If you’re a regular reader of my posts, you’ll know that I don’t do a great deal of embellishment. Embellishment to me means ‘adding more to a finished item in the form of beads, lace, trims and bling’ but I can’t remember the last time I did that so I wasn’t filled with enthusiasm at the prospect of spending the day doing just that at an embellishment workshop with Jayne Emerson. I had booked the workshop on the recommendation of a lady in my local Janome Owners’ Club and thought it might be an enjoyable way for big sis and I to spend a day. I needn’t have worried about the beads and bling as it transpired that there was no specific programme for the day, the downside of which is that unless you arrive with a specific idea in mind, it can take a while to get up and running. I didn’t want to spend the day on free motion embroidery so when Jayne suggested that the five of us ‘have a go’ at needle felting, I was happy to try it. Big sis does not much enjoy ‘winging it’, claiming that she’s no good at coming up with ideas of her own (which is rubbish of course, but I can’t convince her otherwise), so she was less keen to work without specific direction and didn’t enjoy the day as much as I did.
Jayne demonstrated how to use both the hand-held felting tool and the embellishing machine (like a sewing machine but with multiple needels and no thread or bobbin), and passed round felted samples. With carte blanche to use anything that we found in the boxes or shelves around the room, we were off on our own. Needle felting is an easy process – layer the fabrics you want to felt over a dense brush and bounce the felting gadget over the area to be felted. The barbs on the needles are what cause the fabrics to blend together.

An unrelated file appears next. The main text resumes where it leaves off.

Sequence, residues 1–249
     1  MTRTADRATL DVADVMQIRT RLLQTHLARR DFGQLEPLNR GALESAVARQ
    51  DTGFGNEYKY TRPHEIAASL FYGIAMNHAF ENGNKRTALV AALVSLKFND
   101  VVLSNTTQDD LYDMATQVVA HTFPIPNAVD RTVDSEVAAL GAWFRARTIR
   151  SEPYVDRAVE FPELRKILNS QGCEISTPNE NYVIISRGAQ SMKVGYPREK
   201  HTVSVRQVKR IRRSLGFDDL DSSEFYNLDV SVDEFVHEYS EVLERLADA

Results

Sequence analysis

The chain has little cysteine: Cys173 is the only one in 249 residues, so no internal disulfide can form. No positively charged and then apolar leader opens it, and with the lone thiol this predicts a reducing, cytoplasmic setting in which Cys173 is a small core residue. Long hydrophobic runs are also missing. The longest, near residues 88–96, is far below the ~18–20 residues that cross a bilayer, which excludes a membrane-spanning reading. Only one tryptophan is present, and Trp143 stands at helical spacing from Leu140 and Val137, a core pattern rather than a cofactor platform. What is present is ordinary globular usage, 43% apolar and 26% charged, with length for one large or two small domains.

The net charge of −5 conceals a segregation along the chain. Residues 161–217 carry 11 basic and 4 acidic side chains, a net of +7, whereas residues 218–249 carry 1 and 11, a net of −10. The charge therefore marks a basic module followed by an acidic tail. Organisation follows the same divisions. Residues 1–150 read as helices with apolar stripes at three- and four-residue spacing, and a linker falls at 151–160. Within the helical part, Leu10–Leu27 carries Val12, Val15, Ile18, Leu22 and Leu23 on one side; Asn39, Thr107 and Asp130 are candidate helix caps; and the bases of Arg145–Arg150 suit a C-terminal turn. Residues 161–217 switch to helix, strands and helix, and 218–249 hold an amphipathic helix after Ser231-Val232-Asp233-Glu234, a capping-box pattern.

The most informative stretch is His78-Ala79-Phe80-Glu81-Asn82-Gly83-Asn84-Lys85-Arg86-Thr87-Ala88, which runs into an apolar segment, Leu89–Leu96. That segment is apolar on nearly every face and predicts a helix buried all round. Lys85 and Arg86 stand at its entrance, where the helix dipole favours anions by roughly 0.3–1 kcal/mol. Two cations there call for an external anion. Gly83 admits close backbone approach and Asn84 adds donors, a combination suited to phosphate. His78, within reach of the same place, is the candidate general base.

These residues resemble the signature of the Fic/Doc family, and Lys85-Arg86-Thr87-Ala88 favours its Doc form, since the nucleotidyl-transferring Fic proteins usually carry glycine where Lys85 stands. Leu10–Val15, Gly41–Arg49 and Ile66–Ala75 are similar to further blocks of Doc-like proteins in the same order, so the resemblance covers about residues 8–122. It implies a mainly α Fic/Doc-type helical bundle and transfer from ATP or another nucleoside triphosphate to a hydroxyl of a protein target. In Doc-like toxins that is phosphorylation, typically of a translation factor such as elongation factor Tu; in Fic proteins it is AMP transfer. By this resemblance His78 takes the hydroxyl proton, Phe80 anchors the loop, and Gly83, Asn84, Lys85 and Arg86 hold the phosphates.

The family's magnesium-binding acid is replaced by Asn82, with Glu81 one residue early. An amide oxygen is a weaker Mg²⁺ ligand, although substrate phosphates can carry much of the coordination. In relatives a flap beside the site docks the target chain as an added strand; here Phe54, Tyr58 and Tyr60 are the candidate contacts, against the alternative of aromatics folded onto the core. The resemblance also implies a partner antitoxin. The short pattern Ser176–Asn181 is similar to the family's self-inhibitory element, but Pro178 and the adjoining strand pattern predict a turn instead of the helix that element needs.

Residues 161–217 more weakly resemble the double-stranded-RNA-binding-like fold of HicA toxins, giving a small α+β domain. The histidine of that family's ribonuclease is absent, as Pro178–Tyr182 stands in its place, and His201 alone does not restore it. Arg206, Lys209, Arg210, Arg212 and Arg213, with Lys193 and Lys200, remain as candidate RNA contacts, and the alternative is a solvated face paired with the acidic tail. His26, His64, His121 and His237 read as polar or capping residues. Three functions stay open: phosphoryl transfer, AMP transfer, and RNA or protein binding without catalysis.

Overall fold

These are my efforts of the day. The landscape piece is actually larger than the single tree one and yet again, the photo doesn’t do my cornfield justice!
Needle felting isn’t something I’ve ever thought I’d have much use for and I haven’t changed my mind. I had a very enjoyable day out and I’m glad I went to Jayne’s workshop but I think I need to stick with needles of the unbarbed kind for a while longer. And yes, it hurts, a lot, if you stab your finger instead of the fabric.